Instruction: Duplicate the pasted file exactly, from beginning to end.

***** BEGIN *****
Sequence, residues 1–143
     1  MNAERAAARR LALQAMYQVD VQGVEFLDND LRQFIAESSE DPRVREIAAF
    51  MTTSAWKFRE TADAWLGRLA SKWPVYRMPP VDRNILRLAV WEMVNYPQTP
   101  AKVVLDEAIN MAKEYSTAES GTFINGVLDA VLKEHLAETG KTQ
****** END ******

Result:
Sequence, residues 1–143
     1  MNAERAAARR LALQAMYQVD VQGVEFLDND LRQFIAESSE DPRVREIAAF
    51  MTTSAWKFRE TADAWLGRLA SKWPVYRMPP VDRNILRLAV WEMVNYPQTP
   101  AKVVLDEAIN MAKEYSTAES GTFINGVLDA VLKEHLAETG KTQ